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Kenyan Government Disavows Controversial Local Ownership Requirement

The Kenyan government has suspended a controversial local ownership requirement in the new Companies Act 2015.  The confusion regarding how the provision made its way into the law is unsettling for foreign companies that are interested in one of the region’s top investment destinations.

Regarded as an overdue modernization of Kenya’s company and insolvency laws, the Companies Act is a sizeable piece of legislation.  Indeed, the main provisions pertaining to foreign companies do not appear until over 680 pages into the law.  Pursuant to section 974, a foreign company cannot carry on business in Kenya unless it is registered.  Pursuant to section 975(2)(b), registration involves submitting an application that, inter alia, “demonstrates that at least thirty percent of the company’s shareholding is held by Kenyan citizens by birth.”

When President Kenyatta signed the Companies Act into law in September 2015, one of Kenya’s leading newspapers highlighted the provision as a “significant change” that was introduced “at the third reading” of the bill and whose consequences “may not have been fully appreciated.”  Notably, the Ministry of Industrialization and Enterprise Development republished this news article on its blog thus putting at least that Ministry on notice about the provision.

Yet, now over three months later, senior government officials are disavowing the provision and claiming that it never should have been in the law in the first place.  According to Attorney General Githu Muigai, the provision was not in the original draft of the legislation: “‘From all indications it was inserted at the committee stage.  It does not represent the current government policy on foreign investments.’”  Similarly, and notwithstanding his Ministry’s blog entry, Minister of Industrialization and Enterprise Development Adan Mohamed has stated that the provision “‘may have been overlooked during the legislation process but is obviously unrealistic’” and is “‘an error.’”  Deputy President William Ruto has called the provision “‘toxic’” and has promised to “‘look for a way of correcting the situation so as to create a favourable climate for investments.’”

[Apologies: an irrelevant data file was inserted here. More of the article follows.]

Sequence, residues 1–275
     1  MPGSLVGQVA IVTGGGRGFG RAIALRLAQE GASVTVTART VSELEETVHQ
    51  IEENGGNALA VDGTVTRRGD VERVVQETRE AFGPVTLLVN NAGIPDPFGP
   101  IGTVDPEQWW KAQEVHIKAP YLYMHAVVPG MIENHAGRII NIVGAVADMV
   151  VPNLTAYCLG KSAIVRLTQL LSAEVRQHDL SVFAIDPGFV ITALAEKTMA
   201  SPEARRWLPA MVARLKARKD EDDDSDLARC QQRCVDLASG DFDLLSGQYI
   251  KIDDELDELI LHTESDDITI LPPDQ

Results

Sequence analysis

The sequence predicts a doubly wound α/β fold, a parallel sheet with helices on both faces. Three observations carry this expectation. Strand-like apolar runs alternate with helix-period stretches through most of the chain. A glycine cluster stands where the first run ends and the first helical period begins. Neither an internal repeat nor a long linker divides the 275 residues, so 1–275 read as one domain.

In the past few years, the Kenyan government has tried and failed to impose local ownership requirements in the construction sector (proposed then removed), the mining sector (passed then repealed) and the telecommunications sector (required by regulations but waived for several major operators).  Did a local ownership requirement somehow make its way into the Companies Act and it took over three months for anyone to notice? Or was this actually another attempt to introduce local ownership requirements in Kenya?  Neither scenario is particularly reassuring.

© 2021 Covington & Burling LLPNational Law Review, Volume V, Number 324
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About this Author

Covington’s Election and Political Law practice is one of the oldest in the Nation.  In addition to our high-profile election law litigation and Federal Election Commission enforcement practice, we advise numerous Fortune 50 and Fortune 500 corporations, trade associations, financial institutions, political party committees, PACs, candidates, lobbying firms, and high net-worth individuals concerning compliance with the increasingly complex array of laws governing the political process.  These include federal and state campaign finance, lobbying disclosure, and government...

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